IDC and its Energy Insights division have revised their spending forecasts for IT and energy spending, revealing that the rapid collapse of the global banking system may mean it will be 2011 before these markets bounce back.
They have said the rapid collapse and subsequent bailout of the global banking system, and sudden instability of global stock markets, have created a radically different context for global economic growth than that of even two months ago.
In September, the forecast for real Eurozone GDP growth in 2009 was 0.9pc. By mid-October it had dropped to 0.5pc. Most recent reports, published on 8 December, dropped this forecast further to – 0.9pc.
“This sudden change of the macroeconomic picture necessitated a review of Energy Insights’ and IDC’s IT spending forecasts", said Roberta Bigliani, EMEA research director with Energy Insights.
"Even though the utilities industry is historically very resilient, there will still be a significant slowdown in Western European utilities spending growth in 2009, as the financial crisis has pushed even further the necessity to become ever more efficient, which will lead to faster IT spending growth in the long term, from 2010 to 2012."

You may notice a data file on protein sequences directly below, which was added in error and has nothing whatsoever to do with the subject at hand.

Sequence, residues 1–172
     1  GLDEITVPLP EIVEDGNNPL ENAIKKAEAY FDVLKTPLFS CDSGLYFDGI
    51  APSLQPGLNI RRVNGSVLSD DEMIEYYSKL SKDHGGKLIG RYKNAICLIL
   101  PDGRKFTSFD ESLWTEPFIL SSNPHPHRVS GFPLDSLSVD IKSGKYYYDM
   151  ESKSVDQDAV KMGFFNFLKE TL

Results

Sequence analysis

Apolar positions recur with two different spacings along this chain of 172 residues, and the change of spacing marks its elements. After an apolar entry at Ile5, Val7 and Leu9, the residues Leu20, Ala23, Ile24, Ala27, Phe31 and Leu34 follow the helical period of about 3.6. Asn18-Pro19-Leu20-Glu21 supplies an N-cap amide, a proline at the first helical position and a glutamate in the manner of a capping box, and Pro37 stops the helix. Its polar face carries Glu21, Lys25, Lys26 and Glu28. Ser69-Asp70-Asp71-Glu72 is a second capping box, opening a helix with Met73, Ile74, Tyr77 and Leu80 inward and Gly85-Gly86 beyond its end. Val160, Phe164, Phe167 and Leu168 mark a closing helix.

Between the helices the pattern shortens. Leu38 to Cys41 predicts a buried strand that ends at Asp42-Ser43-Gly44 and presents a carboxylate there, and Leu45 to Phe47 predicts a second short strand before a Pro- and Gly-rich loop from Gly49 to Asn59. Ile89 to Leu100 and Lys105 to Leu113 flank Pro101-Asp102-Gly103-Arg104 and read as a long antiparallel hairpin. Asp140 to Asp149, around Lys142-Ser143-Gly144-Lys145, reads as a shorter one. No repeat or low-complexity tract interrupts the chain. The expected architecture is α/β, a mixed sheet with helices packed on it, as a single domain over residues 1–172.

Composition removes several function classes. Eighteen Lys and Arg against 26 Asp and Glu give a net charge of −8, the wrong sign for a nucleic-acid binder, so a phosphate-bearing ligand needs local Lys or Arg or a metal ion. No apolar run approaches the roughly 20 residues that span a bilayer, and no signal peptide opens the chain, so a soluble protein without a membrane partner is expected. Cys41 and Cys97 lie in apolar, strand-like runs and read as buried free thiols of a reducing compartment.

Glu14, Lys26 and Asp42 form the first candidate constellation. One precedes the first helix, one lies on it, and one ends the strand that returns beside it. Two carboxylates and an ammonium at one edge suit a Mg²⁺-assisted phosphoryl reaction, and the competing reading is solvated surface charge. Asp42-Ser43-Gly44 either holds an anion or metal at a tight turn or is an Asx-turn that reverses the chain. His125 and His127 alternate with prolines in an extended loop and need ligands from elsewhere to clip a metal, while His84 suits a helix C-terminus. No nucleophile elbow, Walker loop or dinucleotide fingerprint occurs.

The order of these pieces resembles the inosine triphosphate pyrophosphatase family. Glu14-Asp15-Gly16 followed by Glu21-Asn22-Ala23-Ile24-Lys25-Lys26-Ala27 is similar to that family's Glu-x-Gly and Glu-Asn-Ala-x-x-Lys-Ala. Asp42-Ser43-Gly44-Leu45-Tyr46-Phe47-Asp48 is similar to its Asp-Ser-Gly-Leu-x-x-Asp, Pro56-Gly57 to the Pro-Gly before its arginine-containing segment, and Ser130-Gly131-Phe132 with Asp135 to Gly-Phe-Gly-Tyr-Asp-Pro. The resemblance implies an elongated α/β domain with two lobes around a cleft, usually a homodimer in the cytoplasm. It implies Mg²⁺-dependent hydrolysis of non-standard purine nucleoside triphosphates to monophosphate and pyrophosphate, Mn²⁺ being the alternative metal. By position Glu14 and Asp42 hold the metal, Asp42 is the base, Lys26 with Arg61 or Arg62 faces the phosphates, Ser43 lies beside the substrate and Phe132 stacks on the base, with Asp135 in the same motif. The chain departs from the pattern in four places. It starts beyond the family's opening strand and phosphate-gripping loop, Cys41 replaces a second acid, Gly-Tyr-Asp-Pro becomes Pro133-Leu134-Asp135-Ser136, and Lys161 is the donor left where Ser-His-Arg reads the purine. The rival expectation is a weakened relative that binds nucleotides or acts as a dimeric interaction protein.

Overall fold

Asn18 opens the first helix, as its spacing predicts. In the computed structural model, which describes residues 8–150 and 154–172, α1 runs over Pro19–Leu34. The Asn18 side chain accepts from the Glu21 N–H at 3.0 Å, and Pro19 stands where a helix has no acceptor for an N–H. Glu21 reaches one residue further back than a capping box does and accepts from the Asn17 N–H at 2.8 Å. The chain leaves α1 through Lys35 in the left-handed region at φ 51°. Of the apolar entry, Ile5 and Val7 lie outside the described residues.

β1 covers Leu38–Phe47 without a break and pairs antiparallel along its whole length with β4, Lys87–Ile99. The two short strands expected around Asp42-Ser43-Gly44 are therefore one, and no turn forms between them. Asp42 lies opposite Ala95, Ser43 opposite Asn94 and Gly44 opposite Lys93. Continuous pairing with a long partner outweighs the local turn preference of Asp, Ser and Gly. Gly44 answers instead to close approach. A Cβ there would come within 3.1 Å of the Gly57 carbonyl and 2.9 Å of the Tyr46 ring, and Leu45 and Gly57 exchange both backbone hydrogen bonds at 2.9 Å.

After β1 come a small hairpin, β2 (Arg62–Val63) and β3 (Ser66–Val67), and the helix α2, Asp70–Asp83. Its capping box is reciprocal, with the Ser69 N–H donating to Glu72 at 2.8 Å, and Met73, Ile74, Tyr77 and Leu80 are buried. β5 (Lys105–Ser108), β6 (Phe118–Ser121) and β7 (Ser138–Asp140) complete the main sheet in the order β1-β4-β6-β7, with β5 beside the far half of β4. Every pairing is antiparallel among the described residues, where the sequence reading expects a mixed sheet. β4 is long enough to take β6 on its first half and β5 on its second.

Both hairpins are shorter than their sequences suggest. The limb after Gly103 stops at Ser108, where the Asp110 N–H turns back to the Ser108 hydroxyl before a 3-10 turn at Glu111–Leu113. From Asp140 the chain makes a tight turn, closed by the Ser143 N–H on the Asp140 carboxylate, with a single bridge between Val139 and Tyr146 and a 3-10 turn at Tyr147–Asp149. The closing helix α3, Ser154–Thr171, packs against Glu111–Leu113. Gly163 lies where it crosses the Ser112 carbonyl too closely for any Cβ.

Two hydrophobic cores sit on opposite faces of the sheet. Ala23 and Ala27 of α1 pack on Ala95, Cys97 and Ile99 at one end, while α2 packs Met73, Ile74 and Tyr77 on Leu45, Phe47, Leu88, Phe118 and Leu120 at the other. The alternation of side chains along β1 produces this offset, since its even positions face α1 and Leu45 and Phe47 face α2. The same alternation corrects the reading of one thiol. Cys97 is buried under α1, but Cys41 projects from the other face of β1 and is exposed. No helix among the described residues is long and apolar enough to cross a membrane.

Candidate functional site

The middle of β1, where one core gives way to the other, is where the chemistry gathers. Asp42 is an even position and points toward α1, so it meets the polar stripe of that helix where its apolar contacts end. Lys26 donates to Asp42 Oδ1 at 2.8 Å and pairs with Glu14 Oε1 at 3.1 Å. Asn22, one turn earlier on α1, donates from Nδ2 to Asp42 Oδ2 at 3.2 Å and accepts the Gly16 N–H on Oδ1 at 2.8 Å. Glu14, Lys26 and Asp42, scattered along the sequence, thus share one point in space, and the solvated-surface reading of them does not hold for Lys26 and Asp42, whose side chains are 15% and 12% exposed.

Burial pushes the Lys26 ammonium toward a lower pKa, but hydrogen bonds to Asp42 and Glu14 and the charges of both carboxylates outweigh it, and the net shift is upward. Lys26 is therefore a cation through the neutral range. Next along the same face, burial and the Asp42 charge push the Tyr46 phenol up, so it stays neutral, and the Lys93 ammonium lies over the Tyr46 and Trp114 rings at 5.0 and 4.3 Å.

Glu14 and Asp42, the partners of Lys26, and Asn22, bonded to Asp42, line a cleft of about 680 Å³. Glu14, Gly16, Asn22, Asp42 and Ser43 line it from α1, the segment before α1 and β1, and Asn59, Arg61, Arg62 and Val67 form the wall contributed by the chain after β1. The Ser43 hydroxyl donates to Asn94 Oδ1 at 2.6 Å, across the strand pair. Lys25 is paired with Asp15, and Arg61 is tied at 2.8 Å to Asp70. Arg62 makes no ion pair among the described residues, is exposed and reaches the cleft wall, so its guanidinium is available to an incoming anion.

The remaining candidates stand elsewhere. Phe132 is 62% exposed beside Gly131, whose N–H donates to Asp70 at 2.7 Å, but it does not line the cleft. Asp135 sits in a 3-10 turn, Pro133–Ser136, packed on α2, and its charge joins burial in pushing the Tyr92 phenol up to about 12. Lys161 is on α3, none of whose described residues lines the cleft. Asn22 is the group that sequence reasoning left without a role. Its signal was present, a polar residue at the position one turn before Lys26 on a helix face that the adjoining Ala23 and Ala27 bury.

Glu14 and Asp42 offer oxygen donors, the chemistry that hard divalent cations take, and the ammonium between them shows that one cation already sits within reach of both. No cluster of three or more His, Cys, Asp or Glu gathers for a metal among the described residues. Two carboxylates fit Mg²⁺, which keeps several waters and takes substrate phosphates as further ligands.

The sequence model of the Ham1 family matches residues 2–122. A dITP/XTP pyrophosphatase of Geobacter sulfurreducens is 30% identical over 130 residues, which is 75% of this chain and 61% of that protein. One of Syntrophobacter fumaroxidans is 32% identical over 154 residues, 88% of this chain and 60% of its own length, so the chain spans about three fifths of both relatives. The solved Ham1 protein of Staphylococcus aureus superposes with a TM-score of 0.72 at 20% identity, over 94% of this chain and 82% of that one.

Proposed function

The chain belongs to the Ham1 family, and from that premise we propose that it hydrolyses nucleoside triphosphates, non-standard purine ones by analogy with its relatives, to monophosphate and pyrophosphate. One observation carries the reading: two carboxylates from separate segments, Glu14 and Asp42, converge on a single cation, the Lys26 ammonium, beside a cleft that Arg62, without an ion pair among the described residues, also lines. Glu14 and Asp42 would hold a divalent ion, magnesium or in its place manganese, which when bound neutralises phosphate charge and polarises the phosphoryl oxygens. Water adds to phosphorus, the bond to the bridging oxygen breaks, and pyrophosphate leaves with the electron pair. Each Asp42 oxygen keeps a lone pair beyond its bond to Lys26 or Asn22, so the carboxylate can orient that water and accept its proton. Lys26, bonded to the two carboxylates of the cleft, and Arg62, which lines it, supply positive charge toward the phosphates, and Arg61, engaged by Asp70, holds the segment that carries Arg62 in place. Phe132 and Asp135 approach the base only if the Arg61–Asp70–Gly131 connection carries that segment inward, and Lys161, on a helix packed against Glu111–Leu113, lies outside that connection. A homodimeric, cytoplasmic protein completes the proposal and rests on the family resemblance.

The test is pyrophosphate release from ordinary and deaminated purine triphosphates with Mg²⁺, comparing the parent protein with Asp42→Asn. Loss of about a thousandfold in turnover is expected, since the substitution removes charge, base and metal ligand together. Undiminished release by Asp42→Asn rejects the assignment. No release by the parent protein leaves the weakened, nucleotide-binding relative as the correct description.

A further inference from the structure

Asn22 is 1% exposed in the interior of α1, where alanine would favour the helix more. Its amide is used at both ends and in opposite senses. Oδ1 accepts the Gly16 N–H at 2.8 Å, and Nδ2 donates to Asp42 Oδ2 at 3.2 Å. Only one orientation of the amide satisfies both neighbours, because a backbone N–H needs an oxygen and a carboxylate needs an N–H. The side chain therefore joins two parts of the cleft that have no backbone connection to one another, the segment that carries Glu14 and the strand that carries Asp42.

Overall, utilities in Western Europe, especially in the continental area, are still in a good financial position, despite the general reduction in their market value, as seen in the various relevant indexes.
Despite the economic slowdown, utilities still appear not to have any major problems with liquidity and the ability to raise capital, as seen in the ongoing mergers and acquisitions (M&A) activities.
Nevertheless, the entire industry, and particularly pure energy retailers, will be pushed to reduce their costs, namely cost-to-serve, and increase their operational excellence.
The macro technology sector expected to be most harmed by the new revisions is the packaged software sector, which witnesses a drop of 4.4pc in 2009 growth. Nonetheless, the software sector is still expected to have the most elevated growth rate, while the hardware sector is now expected to contract by 2pc, rather than to grow by 1pc.
The two countries that will be most severely hit by the crisis are France and Germany, which are also the two biggest markets after the UK.
With regards to utilities sub-industries, Energy Insights forecasts that the slip in IT spending is similar across the various categories, with the electricity sector being more resilient than its gas and water counterparts.
In the new post-crisis data, Energy Insights highlights that the most significant drop is forecast for 2009, as the downward spiral induced by the financial crisis is expected to be overcome by 2010.
However, this rather sudden contraction of the IT spending market is expected to then provide a boost in the long term, hitting around 2011/2012.
By John Kennedy